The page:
It has been nearly a month since Google and Samsung teamed up and took the stage in Hong Kong to announce the latest and greatest in their portfolios. Samsung showed off some of the sweetest mobile hardware to date – a 720p 4.65-inch Super AMOLED display on a (mostly) buttonless device, with a 1.2GHz dual-core processor, a seemingly fantastic camera and more all wrapped in a super sleek 8.94mm thick body. And Google unveiled the next delicious treat in their Android lineup, the fusion of tablet and smartphone software, Android 4.0, better known as Ice Cream Sandwich.
When the lights faded and the last speaker left the stage, however, we were left wondering just about as much as we were when the keynote started. Sure, a few things were finally made official. But they really didn't answer the questions we were truly wondering. As Dustin Earley of Android and Me points out in his article The Samsung Galaxy Nexus and the launch that could have been, "we still don’t know the full who, when and for how much of the device."
We are now only four days away from an entire month since the Galaxy Nexus was unveiled and we don't really know any more about it than we did before the announcement. We don't officially know when the device will launch, or even which carriers will be adding it to their lineups – other than the strong hint that it's headed to Big Red, of course.
You may recall that Google originally pushed up the launch date a couple of months to snag some of those fence-riding iPhone owners. It's now pretty clear; that won't happen. The iPhone 4S launched an entire month ago and shattered sales records, as always. And the Galaxy Nexus? It's still nowhere to be found. It's worth noting that Samsung and Google respectfully decided to push back the date of their announcement due to the untimely death of Steve Jobs. But that should not have affected the actual launch date. Everything should already have been in place, ready to go after the announcement: an official date, carrier confirmations, price and so on. These are things that should always be covered at a product announcement, at least tentatively.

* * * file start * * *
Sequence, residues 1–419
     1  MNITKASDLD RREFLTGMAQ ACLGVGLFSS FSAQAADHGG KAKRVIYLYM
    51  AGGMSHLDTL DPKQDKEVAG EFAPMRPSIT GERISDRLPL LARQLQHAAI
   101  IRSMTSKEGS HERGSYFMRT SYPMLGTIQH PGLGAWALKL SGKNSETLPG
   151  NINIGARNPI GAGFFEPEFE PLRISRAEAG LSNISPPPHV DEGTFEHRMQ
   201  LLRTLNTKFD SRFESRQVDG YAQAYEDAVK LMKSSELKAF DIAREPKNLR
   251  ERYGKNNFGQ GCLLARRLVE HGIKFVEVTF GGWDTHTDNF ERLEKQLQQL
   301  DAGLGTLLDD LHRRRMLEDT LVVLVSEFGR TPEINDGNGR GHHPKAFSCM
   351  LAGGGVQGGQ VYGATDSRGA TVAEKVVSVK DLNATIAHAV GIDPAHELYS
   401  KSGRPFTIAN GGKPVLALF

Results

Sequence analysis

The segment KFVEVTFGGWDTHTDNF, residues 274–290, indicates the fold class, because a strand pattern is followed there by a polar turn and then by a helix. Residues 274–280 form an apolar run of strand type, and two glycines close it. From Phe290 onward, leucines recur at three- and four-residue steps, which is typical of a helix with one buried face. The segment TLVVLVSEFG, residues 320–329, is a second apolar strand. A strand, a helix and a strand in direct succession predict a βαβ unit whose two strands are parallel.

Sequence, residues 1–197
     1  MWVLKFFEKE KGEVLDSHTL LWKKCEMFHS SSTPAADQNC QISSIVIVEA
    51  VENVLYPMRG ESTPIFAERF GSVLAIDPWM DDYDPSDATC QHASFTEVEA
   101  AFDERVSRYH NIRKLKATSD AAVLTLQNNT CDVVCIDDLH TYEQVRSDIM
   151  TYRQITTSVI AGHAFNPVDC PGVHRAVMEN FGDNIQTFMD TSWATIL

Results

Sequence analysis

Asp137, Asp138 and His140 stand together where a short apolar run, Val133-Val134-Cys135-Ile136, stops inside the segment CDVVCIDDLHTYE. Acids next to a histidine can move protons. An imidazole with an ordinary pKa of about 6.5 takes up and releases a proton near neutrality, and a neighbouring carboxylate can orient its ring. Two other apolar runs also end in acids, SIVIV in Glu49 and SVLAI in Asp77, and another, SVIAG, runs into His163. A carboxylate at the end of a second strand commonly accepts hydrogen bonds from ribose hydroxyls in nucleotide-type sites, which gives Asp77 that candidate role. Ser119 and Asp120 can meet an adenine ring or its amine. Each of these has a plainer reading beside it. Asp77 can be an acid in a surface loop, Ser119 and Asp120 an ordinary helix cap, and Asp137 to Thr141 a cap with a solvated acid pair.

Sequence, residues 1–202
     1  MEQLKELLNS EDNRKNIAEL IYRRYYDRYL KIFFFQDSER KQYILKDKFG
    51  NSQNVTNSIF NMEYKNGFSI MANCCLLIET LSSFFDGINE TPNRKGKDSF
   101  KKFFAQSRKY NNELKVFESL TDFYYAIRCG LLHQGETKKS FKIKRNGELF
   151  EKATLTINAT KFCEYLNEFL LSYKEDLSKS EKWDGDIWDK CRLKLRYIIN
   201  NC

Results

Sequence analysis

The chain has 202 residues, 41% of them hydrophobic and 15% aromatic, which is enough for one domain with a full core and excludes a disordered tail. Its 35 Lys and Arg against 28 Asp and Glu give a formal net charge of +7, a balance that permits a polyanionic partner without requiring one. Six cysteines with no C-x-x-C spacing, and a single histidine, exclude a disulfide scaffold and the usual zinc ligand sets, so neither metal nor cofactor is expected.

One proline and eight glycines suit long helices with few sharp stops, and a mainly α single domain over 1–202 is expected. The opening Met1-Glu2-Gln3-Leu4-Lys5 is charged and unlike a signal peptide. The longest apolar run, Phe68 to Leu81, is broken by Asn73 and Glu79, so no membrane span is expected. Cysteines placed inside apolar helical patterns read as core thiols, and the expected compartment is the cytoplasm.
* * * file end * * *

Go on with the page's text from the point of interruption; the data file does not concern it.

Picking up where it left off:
What this proves is that Google and Samsung still, after several launch fumbles, can't seem to get a product launch down to an art.
The iconic Nexus One was a victim of a total marketing blunder. The device was originally supposed to land on all four major carriers at some point or another. Long story short, AT&T and T-Mobile versions were both offered, unlocked-only, through Google's web store. Google faced apprehensive customers by not putting physical devices in stores and not allowing any subsidization. With the Nexus S, Google did offer subsidized phones and the launch did go more smoothly. However, T-Mobile had a few months of exclusivity. Let's be honest, carrier exclusives are so 2007. If you want to capture the market, giving one carrier the device a few months before all others is hardly the way to do it.